Shattering the Stigma: an Intro to Kevin Breel

Kevin Breel

Kevin Breel isn’t much different than a lot of us here on Georgia Southern’s campus. He has always been popular amongst his peers, funny, and extremely confident, but during Kevin’s Ted Talk from 2013, he explains how he felt that he has always lived two lives. For 6 years of his life, Kevin suffered from depression. In his mind, there was something wrong with him, and the only way to solve his problems was to take his own life. Luckily, Kevin overcame his suicidal thoughts, and now at only 22 years old, he is using his experiences to help shatter the stigmas associated with depression.

At the age of 19, Kevin Breel presented in a Ted Talk about his struggle with depression. This video is now one of the top ten most watched Ted Talks on the website. Kevin reminds viewers and listeners how big of an issue depression truly is. Every 30 seconds, someone on this earth takes their own life due to depression. For a person who doesn’t suffer from depression, it can be easy to be judgemental and wonder why this person didn’t just ask for help.

According to Kevin, people who are depressed become numb to the feeling after an extended period of time. It isn’t depression that they fear anymore; they fear the stigmas and judgement inside of everyone around them. Their heads become so engulfed with the thoughts of others that their own thoughts don’t even seem to matter anymore. Kevin makes an excellent point of saying that in our society, it is acceptable for any part of our bodies to break down, except our brains.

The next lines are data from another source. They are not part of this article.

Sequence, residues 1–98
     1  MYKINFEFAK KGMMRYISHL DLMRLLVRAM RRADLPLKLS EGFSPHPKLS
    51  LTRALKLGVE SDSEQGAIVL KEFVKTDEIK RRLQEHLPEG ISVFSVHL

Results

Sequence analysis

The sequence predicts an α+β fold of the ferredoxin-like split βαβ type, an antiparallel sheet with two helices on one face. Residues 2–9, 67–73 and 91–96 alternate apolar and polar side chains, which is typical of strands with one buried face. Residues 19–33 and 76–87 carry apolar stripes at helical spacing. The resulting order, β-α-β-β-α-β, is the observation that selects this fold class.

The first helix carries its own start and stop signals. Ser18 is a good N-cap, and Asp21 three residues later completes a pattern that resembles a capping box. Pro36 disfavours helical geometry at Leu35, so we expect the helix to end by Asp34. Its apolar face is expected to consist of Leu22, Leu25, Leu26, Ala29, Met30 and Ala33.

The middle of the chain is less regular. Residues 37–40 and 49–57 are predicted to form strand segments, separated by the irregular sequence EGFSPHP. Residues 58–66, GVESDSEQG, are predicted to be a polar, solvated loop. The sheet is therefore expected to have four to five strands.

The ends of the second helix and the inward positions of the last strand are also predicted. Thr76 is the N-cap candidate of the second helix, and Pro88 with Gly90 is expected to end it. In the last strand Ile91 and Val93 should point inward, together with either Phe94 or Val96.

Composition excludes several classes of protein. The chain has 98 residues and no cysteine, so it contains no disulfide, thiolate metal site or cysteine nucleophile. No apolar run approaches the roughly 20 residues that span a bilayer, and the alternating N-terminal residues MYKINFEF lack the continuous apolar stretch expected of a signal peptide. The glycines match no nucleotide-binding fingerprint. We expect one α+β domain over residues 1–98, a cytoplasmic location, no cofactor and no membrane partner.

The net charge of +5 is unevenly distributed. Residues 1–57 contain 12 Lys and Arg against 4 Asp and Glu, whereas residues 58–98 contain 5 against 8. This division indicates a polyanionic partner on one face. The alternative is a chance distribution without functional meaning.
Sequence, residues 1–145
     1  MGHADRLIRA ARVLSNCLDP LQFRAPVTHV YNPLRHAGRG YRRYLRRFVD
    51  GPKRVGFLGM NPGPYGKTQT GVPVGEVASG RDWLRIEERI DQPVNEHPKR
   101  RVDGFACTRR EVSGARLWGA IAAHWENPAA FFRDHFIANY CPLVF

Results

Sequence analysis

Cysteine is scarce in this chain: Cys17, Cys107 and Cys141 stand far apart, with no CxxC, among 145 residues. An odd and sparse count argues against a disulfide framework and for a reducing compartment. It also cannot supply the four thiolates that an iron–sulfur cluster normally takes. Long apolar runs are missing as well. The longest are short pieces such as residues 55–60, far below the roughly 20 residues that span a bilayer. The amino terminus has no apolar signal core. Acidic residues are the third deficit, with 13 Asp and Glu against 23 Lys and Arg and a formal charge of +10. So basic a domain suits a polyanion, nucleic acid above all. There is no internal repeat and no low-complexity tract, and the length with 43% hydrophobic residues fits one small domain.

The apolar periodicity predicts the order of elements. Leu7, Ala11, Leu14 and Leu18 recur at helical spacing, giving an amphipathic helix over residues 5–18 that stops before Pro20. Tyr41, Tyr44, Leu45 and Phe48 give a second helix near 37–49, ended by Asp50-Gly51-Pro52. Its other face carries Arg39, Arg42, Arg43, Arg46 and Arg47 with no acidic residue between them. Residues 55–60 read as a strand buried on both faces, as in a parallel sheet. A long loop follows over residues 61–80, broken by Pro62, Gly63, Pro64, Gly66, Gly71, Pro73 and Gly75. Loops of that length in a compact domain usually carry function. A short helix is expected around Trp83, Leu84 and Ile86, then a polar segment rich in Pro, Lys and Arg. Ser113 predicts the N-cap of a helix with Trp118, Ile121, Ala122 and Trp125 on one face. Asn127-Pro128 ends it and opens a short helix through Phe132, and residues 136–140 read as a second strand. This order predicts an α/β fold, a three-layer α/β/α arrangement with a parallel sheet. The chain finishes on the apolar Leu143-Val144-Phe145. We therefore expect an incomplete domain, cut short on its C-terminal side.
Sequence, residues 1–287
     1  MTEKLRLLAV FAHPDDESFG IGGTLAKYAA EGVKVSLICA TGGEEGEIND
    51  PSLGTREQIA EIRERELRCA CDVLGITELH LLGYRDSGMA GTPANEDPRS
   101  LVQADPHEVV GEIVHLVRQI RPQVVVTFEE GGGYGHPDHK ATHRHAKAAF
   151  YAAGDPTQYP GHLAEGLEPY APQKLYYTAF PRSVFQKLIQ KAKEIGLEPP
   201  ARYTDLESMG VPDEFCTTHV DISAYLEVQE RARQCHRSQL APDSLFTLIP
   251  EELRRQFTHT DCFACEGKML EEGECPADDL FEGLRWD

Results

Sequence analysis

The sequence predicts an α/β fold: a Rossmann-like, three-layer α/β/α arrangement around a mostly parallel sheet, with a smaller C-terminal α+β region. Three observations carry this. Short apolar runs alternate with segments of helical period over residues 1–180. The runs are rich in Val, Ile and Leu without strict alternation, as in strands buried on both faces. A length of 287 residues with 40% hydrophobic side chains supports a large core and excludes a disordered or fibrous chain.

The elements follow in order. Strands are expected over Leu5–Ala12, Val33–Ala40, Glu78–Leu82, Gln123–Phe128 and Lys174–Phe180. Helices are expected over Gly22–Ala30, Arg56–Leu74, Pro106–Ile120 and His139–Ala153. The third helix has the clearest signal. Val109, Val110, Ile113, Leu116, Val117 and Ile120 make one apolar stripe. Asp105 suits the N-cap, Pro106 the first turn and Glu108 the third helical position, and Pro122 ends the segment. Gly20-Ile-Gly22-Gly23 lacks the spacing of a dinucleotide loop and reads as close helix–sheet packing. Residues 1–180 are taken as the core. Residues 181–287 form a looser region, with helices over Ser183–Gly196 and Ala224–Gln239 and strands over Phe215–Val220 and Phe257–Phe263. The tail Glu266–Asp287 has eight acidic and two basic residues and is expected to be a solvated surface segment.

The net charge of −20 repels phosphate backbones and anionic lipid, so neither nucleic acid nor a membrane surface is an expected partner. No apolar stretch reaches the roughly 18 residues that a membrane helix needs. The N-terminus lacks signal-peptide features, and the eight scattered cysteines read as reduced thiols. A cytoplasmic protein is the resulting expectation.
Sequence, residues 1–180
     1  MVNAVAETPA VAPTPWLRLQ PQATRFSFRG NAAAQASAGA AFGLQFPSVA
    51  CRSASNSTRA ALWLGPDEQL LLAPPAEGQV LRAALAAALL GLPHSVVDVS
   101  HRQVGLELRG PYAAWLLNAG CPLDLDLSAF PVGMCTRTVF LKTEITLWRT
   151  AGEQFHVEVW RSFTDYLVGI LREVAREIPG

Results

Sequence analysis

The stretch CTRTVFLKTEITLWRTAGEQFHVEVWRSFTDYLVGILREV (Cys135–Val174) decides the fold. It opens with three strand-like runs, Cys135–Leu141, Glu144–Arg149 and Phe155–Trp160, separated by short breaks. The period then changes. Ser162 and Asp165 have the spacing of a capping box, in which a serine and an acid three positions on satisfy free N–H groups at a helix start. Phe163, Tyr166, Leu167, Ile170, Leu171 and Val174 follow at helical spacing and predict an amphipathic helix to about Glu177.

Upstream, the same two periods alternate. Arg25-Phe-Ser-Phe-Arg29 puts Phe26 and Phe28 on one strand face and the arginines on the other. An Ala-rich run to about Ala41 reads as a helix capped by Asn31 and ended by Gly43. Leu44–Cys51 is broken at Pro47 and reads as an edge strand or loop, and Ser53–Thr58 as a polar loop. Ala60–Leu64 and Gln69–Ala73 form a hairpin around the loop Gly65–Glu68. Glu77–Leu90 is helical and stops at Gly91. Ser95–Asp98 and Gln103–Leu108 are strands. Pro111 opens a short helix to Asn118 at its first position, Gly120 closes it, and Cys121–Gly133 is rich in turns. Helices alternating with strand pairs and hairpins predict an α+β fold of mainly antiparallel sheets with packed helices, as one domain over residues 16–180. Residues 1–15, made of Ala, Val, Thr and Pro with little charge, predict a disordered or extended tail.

It is crucial for us as a society, and as the Eagle Nation, to stand together and let those who are suffering from depression know that they are not alone. It is important to be less judgmental and keep in mind that everyone has a story, and it is impossible to know what someone may be going through. With the many resources out there to take advantage of, only a few people who are suffering from depression seek help.

Here on campus, our counseling center always has their ears and arms open if you or a close friend needs help . If finding a friend that you trust sounds more appealing, that’s also a great option.  

Kevin Breel will be making an appearance at GSU on Thursday, February 11 at 7pm in the Russell Union Ballroom. Join us while we learn ways to stand strong together and shatter the stigmas associated with depression.
In the words of Kevin Breel, “It’s not about building a world where we try to eliminate the ignorance of others, but building a world where we learn to accept ourselves. Embracing your light doesn’t mean ignoring your dark.”  

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